Sitting in front of a screen for long periods of time. For a lot of subjects, computers can be really useful and helpful for studying and help get work completed a lot quicker, however it’s important to take breaks from staring at a screen regularly, as the screens can strain your eyes and it is important to look after yourself! Take regular breaks from the screen, maybe walk around and stretch your legs, and I can guarantee you’ll feel more refreshed, and you’ll put less strain on your eyes, and it can help you feel less tired.
Working for a long time without breaks. When exams are on the horizon, and you may feel that you’ve not got a lot of time to complete the work you want to get done, it can be easy to slip into the bad habit of not taking breaks. However, it is important to prioritise your health over the work, and you need to take time to stay hydrated and make sure you keep drinking water, go for a healthy snack to keep your energy levels maintained, and…relax. Working for long periods of time can increase stress levels and decrease your mood, and motivation to continue studying. If you’re overworking yourself, you aren’t going to be able to maintain your energy levels, and you won’t be motivated to work. Taking breaks increases your ability to absorb information, as you’re not constantly forcing your brain to learn too much at once.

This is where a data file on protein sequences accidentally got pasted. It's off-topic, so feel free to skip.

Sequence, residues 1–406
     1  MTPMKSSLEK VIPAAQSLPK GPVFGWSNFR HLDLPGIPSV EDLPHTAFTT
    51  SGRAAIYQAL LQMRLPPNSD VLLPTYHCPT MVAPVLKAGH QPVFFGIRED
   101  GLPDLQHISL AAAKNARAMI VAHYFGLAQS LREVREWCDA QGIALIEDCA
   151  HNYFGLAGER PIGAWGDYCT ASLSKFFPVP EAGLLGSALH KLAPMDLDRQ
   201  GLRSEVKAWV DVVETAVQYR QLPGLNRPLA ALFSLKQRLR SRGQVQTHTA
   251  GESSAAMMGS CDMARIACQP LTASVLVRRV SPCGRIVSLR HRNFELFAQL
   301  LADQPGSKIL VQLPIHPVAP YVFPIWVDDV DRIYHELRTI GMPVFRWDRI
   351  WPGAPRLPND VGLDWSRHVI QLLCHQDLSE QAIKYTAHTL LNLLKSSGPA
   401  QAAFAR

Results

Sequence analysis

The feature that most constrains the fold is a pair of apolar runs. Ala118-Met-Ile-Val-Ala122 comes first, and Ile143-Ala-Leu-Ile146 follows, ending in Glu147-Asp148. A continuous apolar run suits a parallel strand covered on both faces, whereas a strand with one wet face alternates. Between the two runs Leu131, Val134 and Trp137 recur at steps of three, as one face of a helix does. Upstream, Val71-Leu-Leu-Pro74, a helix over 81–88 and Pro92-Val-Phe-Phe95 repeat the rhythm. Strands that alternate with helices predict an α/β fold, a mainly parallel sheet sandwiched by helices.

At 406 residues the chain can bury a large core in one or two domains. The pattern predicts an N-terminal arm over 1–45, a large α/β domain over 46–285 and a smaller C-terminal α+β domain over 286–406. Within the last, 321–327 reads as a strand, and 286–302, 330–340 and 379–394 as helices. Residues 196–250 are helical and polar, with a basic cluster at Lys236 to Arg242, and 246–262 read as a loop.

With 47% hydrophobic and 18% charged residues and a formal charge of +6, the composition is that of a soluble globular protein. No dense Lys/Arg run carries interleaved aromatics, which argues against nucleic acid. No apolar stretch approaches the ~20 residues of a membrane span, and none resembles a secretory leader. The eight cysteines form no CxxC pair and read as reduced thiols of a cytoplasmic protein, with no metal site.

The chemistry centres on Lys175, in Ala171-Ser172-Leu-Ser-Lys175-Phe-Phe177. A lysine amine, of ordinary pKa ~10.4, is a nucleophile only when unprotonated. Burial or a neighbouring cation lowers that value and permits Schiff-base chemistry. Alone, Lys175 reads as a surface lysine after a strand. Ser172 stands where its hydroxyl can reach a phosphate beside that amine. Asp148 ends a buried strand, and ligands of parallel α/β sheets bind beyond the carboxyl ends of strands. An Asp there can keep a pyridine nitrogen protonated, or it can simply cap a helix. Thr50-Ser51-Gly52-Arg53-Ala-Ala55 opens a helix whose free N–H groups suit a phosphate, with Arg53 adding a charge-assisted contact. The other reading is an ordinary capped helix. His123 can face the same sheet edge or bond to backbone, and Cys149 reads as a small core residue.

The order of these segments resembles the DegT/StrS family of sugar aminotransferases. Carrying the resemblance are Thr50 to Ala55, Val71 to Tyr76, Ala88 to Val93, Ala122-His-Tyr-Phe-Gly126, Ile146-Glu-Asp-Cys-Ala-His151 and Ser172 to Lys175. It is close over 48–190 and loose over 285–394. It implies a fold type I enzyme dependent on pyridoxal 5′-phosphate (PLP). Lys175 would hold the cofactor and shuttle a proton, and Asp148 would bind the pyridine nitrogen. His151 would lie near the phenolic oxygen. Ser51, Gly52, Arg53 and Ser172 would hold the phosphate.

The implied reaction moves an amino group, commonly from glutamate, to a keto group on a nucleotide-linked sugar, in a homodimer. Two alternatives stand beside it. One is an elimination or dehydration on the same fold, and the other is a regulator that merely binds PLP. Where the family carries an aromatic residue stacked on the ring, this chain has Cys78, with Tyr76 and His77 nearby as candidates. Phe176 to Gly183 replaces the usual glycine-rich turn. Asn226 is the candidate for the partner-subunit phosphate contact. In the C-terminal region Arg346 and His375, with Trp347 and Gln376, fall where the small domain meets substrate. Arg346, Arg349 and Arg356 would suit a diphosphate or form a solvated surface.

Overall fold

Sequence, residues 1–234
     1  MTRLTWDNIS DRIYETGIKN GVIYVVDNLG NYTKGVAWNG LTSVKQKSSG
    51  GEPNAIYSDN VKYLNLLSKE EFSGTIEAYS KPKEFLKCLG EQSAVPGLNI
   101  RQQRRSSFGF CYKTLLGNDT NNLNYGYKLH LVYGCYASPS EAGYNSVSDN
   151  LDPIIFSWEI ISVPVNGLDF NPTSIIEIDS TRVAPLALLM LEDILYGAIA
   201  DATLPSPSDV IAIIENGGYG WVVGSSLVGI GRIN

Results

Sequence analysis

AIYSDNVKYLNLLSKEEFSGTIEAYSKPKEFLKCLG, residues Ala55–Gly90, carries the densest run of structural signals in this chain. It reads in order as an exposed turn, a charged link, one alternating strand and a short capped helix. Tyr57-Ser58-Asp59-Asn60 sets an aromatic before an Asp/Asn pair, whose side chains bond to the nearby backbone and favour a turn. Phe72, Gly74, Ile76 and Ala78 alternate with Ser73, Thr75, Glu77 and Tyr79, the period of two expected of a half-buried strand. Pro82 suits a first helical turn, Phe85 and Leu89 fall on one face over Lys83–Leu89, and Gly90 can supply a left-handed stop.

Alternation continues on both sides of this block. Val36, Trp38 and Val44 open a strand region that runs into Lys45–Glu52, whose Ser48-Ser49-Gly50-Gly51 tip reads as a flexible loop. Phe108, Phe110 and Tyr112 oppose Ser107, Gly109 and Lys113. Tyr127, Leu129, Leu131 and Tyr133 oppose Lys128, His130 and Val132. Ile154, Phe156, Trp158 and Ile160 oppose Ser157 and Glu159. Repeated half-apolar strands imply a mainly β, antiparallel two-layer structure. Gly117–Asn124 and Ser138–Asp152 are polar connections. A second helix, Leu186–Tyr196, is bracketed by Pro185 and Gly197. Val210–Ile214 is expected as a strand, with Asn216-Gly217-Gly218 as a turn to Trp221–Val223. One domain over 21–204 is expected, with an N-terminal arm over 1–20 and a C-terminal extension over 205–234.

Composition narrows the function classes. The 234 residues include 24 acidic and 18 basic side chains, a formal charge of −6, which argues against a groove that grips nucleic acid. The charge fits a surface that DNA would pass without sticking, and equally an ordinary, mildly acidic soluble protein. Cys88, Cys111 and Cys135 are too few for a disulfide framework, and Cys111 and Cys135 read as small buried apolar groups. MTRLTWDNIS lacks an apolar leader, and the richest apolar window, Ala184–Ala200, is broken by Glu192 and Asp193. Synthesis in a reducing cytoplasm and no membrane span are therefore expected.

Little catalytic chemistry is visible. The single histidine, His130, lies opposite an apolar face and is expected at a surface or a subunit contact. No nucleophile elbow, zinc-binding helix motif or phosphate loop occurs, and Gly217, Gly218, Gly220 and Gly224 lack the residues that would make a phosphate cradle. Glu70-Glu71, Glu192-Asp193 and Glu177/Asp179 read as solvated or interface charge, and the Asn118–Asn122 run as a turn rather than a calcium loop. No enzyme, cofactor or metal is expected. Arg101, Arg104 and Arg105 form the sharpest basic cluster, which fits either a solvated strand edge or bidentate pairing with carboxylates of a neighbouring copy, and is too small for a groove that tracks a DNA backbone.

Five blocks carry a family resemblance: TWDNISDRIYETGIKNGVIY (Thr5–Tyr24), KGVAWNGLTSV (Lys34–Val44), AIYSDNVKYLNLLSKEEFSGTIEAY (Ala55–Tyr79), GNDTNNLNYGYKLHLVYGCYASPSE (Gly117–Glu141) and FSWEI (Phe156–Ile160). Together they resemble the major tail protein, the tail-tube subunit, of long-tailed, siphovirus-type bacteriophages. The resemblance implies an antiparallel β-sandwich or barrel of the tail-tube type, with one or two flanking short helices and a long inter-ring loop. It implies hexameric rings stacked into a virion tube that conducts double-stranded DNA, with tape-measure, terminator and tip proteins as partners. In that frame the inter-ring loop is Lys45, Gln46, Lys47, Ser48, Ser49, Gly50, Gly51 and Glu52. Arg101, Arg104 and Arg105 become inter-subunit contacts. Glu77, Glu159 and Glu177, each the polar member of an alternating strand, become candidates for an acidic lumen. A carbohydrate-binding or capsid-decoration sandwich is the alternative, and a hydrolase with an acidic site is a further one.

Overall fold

If you do feel overwhelmed at any point, make sure you talk to someone about what exactly is causing your stress. Maybe talk to a parent, friend, teacher or councillor. Something that can be useful in decreasing your stress in the moment is stress toys/stimulant toys, as having something physical in your hand that you can squeeze or fiddle with can be comforting and help you calm down. Of course, talking to someone is a better solution long-term, and stress toys are only designed to help manage your emotions in the moment! Hope this article helps in any way, and if you’ve found something that helps reduce stress that I’ve missed, feel free to let me know!
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The articles here are written by guest writers or previous TWE members.